22 May 2011


So, it's May 22. Are you guys still alive?

I find it so funny and interesting at the same time that there are people who would believe that the world would end, even predicting the exact time and date. The prediction, according to one Harold Camping, was that events around the world were to happen at 6:00 PM in various time zones around the world. Well, May 21 has come and gone, and we're still here.

So, after this event, what can we say about it?

First, I really wish that this is one added evidence that religion is nonsense. This is one added proof that religion gives people too many unfulfilled prophecies, which makes one wonder whether it is still worth believing. I wonder how many people would stop believing once they see that their beacon of hope has failed, once again.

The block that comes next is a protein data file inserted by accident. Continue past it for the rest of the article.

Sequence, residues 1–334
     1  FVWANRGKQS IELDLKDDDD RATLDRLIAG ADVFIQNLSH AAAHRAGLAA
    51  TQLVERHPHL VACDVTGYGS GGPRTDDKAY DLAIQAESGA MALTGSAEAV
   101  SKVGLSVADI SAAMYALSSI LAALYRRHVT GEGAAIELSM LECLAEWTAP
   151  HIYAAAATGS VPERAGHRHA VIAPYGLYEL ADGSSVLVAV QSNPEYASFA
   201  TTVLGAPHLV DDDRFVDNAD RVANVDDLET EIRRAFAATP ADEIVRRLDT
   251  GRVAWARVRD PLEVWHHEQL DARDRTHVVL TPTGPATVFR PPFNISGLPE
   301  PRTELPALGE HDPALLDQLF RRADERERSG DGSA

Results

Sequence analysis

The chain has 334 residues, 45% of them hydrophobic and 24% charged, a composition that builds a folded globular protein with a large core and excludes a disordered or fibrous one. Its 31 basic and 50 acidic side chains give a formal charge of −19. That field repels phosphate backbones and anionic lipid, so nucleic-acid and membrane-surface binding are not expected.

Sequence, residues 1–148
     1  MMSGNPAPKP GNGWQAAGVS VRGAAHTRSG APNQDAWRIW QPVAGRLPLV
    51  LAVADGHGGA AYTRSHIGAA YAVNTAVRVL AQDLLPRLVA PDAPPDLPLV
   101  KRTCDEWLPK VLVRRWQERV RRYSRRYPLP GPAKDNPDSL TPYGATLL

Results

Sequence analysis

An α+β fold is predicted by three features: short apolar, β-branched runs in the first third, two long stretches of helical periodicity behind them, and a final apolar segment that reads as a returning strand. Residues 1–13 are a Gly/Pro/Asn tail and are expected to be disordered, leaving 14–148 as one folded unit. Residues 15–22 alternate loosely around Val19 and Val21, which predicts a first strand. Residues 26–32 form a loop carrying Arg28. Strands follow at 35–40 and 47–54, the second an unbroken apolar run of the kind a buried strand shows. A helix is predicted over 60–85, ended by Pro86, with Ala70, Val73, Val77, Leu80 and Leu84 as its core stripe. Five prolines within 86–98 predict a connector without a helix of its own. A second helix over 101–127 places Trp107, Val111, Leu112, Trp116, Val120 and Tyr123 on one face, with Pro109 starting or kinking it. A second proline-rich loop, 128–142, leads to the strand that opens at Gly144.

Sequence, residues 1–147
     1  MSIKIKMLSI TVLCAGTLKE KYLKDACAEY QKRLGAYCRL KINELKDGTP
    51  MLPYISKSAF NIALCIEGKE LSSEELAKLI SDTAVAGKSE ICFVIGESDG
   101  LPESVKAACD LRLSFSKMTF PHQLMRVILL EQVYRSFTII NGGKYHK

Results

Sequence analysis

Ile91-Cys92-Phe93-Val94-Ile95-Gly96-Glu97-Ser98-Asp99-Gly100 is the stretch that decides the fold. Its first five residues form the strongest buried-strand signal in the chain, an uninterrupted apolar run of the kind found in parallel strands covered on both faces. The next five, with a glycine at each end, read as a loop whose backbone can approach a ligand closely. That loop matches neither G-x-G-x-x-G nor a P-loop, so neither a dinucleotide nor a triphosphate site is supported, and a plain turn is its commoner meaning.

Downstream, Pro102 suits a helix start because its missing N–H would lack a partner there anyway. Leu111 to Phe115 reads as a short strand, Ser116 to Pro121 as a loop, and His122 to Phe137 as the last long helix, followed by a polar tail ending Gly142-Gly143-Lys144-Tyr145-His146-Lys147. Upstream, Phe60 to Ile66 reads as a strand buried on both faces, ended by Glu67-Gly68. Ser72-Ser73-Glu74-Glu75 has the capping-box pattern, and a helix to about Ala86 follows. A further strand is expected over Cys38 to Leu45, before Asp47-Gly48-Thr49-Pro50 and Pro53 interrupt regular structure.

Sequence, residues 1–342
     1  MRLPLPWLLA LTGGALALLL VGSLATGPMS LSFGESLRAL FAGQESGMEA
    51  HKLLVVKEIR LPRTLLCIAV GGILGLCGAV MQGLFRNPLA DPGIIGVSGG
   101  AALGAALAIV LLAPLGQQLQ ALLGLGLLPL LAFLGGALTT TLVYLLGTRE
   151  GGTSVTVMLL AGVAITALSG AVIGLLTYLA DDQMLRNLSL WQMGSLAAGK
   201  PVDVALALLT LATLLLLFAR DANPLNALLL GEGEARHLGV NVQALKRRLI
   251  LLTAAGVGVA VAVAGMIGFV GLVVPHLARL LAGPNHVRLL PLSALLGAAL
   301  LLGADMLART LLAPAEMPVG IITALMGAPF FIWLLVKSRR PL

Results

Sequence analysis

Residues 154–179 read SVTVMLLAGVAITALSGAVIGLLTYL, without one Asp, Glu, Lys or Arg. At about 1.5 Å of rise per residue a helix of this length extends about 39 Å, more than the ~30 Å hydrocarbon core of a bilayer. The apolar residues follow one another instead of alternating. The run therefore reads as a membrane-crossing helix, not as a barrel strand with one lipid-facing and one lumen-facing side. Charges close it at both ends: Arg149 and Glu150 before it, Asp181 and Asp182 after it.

See, the thing is, I used to belong in a religion where predicting the end of the world was also a big thing. I once searched the history of this religion, and apparently, they had set various dates for it in the past: 1914, 1925, 1975, and so on. They even once told me that the end of the world will come and the generation of those born in 1914 will still be around to see it. Given that it is already 2011, if one was born in 1914, he or she will be 97 years old by now. I wonder how many people who were born that year are still alive.

Of course, things get revised, and revised, and revised, and this revision is attributed to a changing understanding of the Bible, instead of being thought as a failed prophecy.

So no, I don't think many people will cease believing even after May 21. The thing is, if they feel the need to believe, they will still believe.